Multiple similar inserts using promise.all

Typically, my pages make use of custom providers I inject, the providers typically have a few helper functions. I am working on an app where I will insert a number of similar rows into a database, so I plan on using promise.all
Following the many examples, I create an array and then map it into a reference to the function I call which exists in a class instance named myprovider, such as

		// inject provider into ctor named myprovider
		// build array named myarray

		let maparray:any = Promise.all(;
		maparray.then ... etc

Works fine ion simple testbeds, except when the app goes to this.myprovider.dosomething, all of the helper functions, class members, etc are undefined. The ctor never fires.

Any good ideas on making members of a class in a referenced function visible?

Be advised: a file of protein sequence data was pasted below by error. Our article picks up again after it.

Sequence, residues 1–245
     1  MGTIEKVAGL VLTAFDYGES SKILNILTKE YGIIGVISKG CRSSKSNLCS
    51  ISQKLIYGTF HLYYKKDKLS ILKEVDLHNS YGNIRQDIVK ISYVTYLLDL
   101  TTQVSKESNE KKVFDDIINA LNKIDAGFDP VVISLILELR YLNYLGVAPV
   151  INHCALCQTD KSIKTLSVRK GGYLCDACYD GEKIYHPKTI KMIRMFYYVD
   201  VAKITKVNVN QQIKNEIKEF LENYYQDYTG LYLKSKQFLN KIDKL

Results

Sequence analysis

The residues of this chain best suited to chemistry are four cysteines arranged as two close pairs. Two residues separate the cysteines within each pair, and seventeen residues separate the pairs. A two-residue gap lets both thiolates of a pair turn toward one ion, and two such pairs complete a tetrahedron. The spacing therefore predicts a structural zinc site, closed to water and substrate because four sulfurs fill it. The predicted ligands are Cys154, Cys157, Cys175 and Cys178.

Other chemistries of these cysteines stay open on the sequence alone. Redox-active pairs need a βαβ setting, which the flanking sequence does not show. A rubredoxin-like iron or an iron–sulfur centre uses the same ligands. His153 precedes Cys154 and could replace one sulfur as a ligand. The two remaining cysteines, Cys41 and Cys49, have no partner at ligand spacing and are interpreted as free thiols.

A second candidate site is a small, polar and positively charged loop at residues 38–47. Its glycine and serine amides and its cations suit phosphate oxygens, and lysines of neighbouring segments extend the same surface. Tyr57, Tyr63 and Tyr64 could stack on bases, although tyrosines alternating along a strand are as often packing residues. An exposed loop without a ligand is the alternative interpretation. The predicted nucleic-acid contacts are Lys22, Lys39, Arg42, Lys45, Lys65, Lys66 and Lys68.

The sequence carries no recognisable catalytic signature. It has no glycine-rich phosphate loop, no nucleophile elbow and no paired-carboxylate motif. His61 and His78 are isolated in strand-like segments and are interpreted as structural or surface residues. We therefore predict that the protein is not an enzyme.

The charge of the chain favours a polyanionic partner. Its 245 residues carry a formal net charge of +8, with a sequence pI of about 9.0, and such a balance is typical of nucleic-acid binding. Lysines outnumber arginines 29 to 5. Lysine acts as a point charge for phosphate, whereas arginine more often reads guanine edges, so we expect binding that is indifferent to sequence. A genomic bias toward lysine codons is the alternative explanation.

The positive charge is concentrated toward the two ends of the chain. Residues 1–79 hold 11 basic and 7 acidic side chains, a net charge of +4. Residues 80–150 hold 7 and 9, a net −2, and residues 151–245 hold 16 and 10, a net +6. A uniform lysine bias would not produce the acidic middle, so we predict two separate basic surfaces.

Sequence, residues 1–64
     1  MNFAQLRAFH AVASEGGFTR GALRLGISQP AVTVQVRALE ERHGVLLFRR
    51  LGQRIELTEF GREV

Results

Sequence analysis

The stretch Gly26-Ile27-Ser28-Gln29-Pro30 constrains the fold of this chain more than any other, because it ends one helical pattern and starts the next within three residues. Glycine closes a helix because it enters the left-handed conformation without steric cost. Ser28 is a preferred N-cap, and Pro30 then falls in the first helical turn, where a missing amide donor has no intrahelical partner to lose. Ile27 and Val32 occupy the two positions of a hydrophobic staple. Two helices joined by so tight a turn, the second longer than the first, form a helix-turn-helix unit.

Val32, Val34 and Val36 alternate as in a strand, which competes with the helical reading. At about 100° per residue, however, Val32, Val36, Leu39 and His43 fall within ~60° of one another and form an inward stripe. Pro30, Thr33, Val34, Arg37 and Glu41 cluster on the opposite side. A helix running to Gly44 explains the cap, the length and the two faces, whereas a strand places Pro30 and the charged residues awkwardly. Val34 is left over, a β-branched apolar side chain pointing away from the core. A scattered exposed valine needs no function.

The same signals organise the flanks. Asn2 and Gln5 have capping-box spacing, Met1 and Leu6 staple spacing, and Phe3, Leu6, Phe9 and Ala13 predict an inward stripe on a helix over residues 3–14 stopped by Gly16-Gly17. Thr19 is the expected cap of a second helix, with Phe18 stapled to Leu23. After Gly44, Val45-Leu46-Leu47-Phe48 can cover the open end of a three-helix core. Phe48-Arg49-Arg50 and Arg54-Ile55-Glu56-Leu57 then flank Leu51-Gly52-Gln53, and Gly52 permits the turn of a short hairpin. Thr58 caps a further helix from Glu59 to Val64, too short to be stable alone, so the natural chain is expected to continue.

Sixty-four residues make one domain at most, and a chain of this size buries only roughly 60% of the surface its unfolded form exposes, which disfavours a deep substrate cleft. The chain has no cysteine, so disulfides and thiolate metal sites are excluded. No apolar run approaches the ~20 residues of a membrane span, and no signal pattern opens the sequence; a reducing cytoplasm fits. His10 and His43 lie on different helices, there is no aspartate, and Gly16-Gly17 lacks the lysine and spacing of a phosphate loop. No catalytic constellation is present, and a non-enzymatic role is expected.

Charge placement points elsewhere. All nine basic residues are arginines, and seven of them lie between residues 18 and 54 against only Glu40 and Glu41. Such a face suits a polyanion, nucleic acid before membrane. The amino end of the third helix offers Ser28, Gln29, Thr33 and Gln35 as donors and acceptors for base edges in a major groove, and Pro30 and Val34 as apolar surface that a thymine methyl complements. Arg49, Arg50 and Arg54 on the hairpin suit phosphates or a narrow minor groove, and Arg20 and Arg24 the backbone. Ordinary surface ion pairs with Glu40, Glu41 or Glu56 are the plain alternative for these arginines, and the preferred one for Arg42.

try using another variable for “this”

let localThis = this;
let maparray:any = Promise.all(;

I prefer to always use a closure in situations like this:

let maparray = Promise.all( => this.myprovider.dosomething(thingy)));

Not only does it solve the execution context problem you are running into, I find it far easier to read, because thingy is explicitly written out (giving you a chance to give it a more descriptive name than “thingy”). I always want my functions to be given arguments; I dislike using them as mere barewords.

Incidentally, I would refactor this to have all the Promise stuff happen within the provider. Presumably the pseudocode you write here is intended to go in a page. I don’t think pages should be concerning themselves with such minutia of data management: that should be strictly the providers` job.

Excellent, thanks so much. Im not sure if I understand what is happening: does the fat arrow allow the context to come over to dosomething()?

p.s. agree that mythingy is not descriptive. Planning on using TakingTooLong or SavedByRapropos.

Yes. Basically, you should never use this. There are now much clearer ways to code JS.

Thanks Aaron. Care to share?

I have no idea what you’re asking. But you could start by reading about the fat arrow and ES6.

Here’s FMTEYWTK on the topic.

By this are you referring to the javascript “this” keyword, or this